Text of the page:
As someone who spends much of their life either learning, writing or teaching Torah, it is difficult to express the spiritual and emotional fright that I felt when reading the chilling words of Rav found in today’s daf (Shabbat 138b) and based on Devarim 28:59 that ‘There will be a time in the future when the Torah will be forgotten from [the people of] Israel’.
Interestingly, immediately after this citation the Gemara then cites a Tosefta (Eduyot 1:1) which, based on Amos 8:11-12, similarly states that ‘When our entered the vineyard in Yavne, they said: “The Torah is destined to be forgotten from the Jewish people”’.
The Gemara then tries to illustrate what kind of scenario is being alluded to, and based on Amos 8:12 where we are told that ‘they will roam to find the word of the Lord, but they will not find it’, the Gemara describes a future period of spiritual hunger when, for example, women will have halachic questions concerning spiritual purity but will not find people who understand (ואין מבין).
Finally we come to the words of Rabbi Shimon Ben Yochai who, based on Devarim 31:21 which teaches us that ‘this song shall… not be forgotten’, responds: ‘God forbid that the Torah should be forgotten from the Jewish people!’. Based on this, the Gemara explains that Rabbi Shimon Ben Yochai interprets the words of Amos 8:12 to refer to a time when ‘clear halakha and clear teaching’ won’t be found together.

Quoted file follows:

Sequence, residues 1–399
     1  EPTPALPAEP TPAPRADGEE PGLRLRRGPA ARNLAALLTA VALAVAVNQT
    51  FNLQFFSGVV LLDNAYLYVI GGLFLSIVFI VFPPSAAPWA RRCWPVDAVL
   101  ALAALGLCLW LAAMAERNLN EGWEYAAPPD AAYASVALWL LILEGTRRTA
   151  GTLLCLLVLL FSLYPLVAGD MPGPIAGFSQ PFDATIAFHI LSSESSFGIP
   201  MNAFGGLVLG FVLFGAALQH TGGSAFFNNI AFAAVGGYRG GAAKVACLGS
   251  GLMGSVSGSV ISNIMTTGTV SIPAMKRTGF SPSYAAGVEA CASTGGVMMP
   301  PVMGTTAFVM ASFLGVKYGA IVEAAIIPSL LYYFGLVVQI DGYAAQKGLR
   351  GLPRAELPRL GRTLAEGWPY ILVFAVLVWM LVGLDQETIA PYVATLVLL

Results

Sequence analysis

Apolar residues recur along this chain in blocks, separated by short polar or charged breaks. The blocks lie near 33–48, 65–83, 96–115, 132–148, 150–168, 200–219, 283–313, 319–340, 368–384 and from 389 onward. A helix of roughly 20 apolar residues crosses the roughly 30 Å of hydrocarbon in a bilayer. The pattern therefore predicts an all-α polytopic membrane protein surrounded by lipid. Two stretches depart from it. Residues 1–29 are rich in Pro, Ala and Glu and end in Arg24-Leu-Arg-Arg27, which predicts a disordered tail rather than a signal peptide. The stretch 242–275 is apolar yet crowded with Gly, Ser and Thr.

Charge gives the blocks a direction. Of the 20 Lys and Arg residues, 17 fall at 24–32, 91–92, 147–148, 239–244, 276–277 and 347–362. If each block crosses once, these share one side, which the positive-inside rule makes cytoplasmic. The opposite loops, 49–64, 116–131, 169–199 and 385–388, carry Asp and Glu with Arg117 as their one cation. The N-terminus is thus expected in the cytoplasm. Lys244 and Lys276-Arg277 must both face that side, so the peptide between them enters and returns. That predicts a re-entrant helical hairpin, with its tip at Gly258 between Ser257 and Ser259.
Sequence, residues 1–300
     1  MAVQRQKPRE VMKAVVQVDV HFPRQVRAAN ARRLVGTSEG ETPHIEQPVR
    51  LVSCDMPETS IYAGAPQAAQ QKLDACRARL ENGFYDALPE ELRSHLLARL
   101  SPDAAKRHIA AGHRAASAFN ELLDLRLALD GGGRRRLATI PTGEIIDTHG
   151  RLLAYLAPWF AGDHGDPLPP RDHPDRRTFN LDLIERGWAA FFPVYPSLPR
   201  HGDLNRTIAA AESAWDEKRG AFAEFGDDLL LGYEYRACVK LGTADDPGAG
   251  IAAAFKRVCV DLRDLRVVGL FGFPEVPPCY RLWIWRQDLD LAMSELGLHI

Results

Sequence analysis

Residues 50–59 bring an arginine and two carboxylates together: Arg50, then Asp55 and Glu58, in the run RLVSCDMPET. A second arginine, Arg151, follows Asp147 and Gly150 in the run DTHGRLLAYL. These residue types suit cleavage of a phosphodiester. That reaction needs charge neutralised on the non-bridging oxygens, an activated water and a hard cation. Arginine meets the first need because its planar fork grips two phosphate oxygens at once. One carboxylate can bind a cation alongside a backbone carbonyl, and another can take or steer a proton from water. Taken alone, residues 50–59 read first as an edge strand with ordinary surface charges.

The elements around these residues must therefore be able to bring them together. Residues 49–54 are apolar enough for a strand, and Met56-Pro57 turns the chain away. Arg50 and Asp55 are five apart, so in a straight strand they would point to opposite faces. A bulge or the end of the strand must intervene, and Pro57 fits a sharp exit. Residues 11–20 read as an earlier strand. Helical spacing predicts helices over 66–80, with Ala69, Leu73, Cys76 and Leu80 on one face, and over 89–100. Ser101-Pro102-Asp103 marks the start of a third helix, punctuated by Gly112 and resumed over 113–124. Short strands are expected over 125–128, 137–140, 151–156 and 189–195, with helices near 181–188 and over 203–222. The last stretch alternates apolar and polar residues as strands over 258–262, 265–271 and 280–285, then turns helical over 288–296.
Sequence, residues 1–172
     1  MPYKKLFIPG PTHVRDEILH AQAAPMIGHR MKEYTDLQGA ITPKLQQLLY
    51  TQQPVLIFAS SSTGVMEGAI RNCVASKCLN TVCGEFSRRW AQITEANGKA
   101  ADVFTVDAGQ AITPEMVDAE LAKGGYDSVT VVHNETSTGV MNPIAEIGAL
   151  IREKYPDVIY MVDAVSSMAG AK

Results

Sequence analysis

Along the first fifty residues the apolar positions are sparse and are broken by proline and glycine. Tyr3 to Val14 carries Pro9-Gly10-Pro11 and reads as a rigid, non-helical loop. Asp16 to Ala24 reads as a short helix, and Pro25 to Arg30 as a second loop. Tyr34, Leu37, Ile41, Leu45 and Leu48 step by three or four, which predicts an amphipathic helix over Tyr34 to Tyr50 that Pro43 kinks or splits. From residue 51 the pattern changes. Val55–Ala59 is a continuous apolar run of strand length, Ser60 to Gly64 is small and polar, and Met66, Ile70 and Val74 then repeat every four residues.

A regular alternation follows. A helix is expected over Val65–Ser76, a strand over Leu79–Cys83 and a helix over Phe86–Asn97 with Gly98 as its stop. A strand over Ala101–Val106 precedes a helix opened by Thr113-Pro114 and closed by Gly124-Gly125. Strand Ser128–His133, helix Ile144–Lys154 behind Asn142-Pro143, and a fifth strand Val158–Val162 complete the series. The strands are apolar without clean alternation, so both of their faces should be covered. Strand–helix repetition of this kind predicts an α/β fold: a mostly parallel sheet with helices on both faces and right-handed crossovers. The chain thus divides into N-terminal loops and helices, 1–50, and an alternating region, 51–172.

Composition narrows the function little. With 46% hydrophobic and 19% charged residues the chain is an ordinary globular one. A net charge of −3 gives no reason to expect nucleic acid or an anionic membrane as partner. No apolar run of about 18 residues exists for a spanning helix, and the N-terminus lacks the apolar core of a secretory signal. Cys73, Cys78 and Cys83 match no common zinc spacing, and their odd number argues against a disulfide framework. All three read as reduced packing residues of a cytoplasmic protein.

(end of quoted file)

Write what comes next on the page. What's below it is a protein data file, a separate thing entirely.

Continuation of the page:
Clearly, there are some deep messages being taught in this section of Gemara, and naturally there are many ways to interpret this piece. But this is how I understand this Gemara:
Rav was pondering Devarim 28:59 which is a section known as the ‘Tochacha’ (the rebuke) describing the frightening consequences of spiritual disloyalty, in which he finds a verse that suggests that ‘there will be a time in the future when the Torah will be forgotten from [the people of] Israel’.
Significantly, there is a tradition (see Ramban to Vayikra 26:16) which teaches us that these words prophetically describe the events after the destruction of the Second Temple. Yet it is of interest that Rav (175-247ce) was one of the most industrious Amoraim, and during his lifetime less than two centuries after the destruction of the Second Temple the learning centres of Babylon flourished. In fact, notwithstanding the fact that Rav was born in the diaspora, Rav’s entire legacy was all about the preservation of Torah. Given this, while acknowledging the fact – as prophecied in the Torah – that there be a time when the Torah will be forgotten from the people of Israel, through his actions Rav implicitly proclaimed, ‘but not on my watch!’.
But to understand how it was possible for there to be a remnant of Torah that Rav could teach in 3rd century Babylon, the Gemara then takes us back in time to Israel to the years preceding the destruction during which time Rav Yochanan Ben Zakkai famously asked Vespasian תן לי יבנה וחכמיה – ‘Give me Yavne and its Sages’ (Gittin 56b). Clearly, it was during this incredibly frightening period of Jewish history that there was a real fear that the Torah would be forgotten from the Jewish people. Yet, while Rav Yochanan Ben Zakkai may well have agreed with the interpretation of Devarim 28:59 that there would be a time when the Torah will be forgotten, through his actions he implicitly proclaimed, ‘but not on my watch!’.